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Term insurance: What young families need to know

Key takeaways

  • Life insurance can be a key piece of your financial safety net.
  • Term insurance may be good for young families looking for an affordable policy, or for coverage for a set period of time, like until kids reach adulthood.
  • The policies can be relatively easy to shop for and compare online, because they're generally much simpler than other types of life insurance.

Most people may not think about life insurance until prompted by a big life event—like marriage, buying a house, or having children, which can bring with them financial obligations such as paying a mortgage, childcare, and mapping out future financial goals.

Of course, life insurance can be a cornerstone of your family's financial security and a critical part of your complete financial plan. It can provide a safety net and help you gain peace of mind that your family may be protected in the event you or your spouse should die unexpectedly.

But to get yourself covered, you have to navigate the purchase process—a process that might seem to come with an endless number of lengthy steps and weighty decisions.

The good news is that, particularly for time-strapped young families, a simple solution is often a good fit. Term insurance provides coverage for a premium that stays the same over a set period of time (like 10, 15, or 20 years), with policy amounts that can range from $250,000 to $10 million. It can be a solid choice if you need the insurance until your kids reach adulthood, you pay off your mortgage, or you hit another mile marker. The policies can also be easier to understand, compare, and actually purchase than other types of insurance. (Learn more about the differences between term and permanent policies, and how to decide which type of life insurance is right for you.)

Here are some of the key points about term insurance that young families may need to know.

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Buying it can be (literally) painless

Sometimes getting coverage can entail going through a medical exam and blood draw, but it's often possible to complete the entire life insurance application process remotely, simply by answering some questions about your health and lifestyle.

In fact, in states that permit it, some life insurance providers have adopted simplified underwriting, meaning for some applicants, and for certain coverage amounts, there are fewer requirements (often no medical exam) and faster approval times. The application can quickly be completed online and some applicants will receive a decision in minutes or days.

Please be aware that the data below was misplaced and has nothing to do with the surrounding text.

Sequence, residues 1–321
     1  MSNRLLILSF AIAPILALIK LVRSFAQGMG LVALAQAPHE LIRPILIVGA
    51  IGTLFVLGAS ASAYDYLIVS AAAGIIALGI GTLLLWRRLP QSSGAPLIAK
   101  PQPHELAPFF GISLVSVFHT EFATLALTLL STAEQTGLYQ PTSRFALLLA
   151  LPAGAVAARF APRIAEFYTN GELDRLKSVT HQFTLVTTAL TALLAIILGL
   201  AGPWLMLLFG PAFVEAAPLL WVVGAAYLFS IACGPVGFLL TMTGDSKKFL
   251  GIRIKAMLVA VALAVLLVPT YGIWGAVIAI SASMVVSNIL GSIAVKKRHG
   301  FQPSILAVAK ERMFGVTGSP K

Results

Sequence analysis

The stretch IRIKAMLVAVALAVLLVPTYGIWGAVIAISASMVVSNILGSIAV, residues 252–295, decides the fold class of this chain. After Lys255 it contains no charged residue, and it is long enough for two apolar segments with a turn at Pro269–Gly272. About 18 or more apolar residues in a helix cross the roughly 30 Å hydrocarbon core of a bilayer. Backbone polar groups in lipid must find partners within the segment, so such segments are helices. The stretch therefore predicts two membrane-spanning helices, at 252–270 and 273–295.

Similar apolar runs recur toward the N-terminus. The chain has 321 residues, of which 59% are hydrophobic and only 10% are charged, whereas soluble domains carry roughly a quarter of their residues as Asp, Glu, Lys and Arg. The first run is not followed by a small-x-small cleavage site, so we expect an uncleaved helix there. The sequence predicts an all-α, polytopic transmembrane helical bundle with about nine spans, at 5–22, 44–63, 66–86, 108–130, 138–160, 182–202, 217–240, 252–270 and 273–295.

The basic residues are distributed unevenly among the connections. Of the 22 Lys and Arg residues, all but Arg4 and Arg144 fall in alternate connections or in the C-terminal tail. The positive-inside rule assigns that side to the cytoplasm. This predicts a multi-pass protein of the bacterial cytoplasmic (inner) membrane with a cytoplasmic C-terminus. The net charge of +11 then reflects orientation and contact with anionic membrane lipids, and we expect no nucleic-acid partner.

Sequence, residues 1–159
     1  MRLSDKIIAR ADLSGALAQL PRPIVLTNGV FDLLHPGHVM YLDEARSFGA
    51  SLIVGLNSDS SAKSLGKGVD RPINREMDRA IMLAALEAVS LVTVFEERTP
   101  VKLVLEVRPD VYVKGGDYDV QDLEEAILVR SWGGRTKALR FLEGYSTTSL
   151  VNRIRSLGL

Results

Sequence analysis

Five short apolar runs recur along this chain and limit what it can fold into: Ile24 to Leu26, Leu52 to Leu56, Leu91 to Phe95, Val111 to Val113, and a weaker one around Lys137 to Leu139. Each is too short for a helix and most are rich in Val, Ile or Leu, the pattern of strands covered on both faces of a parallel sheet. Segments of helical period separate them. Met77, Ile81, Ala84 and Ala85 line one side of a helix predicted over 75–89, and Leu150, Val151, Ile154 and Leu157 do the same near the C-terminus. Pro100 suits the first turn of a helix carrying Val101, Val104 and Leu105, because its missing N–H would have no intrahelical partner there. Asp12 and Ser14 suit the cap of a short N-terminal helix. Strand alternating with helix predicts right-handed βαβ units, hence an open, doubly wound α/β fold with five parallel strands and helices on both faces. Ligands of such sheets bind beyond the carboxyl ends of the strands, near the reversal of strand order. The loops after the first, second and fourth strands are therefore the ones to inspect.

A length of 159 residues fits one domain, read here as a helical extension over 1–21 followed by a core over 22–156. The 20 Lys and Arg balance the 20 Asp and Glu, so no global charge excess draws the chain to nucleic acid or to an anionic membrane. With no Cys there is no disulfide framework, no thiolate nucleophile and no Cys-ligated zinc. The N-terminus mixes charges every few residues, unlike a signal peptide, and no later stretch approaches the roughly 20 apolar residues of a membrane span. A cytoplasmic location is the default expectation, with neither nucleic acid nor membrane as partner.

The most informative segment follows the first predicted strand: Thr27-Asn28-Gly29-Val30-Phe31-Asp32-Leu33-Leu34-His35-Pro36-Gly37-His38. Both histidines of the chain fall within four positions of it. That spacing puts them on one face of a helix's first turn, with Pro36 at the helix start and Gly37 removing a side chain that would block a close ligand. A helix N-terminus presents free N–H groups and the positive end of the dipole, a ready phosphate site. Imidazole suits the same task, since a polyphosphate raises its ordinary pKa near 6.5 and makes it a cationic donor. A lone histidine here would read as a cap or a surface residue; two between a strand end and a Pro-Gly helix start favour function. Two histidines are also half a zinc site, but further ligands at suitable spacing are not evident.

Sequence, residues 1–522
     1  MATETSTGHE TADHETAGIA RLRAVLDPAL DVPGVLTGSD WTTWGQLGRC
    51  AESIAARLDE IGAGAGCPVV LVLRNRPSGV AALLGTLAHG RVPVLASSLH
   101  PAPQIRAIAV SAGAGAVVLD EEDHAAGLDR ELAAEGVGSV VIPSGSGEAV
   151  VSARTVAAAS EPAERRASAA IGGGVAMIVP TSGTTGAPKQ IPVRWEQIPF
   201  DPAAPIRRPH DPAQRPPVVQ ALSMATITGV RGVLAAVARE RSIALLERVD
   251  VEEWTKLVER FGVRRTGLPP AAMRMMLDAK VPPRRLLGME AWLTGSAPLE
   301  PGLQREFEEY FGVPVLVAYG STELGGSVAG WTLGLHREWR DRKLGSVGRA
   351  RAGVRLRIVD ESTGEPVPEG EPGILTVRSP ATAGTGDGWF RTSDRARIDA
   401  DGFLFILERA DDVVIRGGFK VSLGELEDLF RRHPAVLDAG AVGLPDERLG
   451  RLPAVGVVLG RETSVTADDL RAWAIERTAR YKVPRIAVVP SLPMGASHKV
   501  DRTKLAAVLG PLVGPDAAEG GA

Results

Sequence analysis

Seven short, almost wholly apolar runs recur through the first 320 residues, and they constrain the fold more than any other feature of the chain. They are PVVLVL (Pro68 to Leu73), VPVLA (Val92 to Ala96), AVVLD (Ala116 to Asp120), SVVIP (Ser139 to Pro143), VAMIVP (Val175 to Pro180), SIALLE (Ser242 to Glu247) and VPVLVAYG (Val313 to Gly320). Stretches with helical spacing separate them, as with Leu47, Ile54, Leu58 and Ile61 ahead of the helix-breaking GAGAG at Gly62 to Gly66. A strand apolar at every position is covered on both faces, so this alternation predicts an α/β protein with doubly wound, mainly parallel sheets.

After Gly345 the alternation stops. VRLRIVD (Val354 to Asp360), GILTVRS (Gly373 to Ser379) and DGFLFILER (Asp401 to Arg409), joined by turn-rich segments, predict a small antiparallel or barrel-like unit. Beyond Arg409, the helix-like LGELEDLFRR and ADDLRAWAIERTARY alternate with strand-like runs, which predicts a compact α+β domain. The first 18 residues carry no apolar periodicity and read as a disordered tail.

“The process can be much easier, as well as faster, than it was in the past," says Tom Ewanich, vice president and actuary at Fidelity Investments life Insurance Company.

Proceeds can be used by the family to maintain their lifestyle if the insured’s unexpected death were to occur

Here are some of the financial obligations that life insurance proceeds, or the income generated from the proceeds, can help address:

Uses for life insurance

It's not just for final expenses

“About 30% of consumers view life insurance as only for burial and final expenses,” says Jill Maher, vice president at Fidelity Investments Life Insurance Company. “This perception could result in not purchasing enough coverage to provide income replacement or enable wealth transfer goals—2 key ways life insurance can benefit loved ones after a wage earner dies.”

It's often cheaper than you think

Term insurance can be surprisingly affordable. For a healthy, nonsmoking 30-year-old, a $250,000 policy can cost less than $20 per month, depending on the term length you choose.1

Of course, there's a good reason for the low cost: Term insurance is designed to cover you only for a set period. If you live past your policy's term and you let the policy lapse instead of continuing it, your family will never see a payout. But many families find this tradeoff makes sense—in 2021, of those who purchased insurance outside of work, 40% went with a term policy.2

You can think of it as a way to buy only the protection you need for as long as you really need it, but nothing extra.

Don't know how much to buy? That's OK

Choosing how much coverage to buy can sometimes be confusing, but you don't have to pick a number out of thin air. For guidance, consider what you're most comfortable relying on, such as one of the following.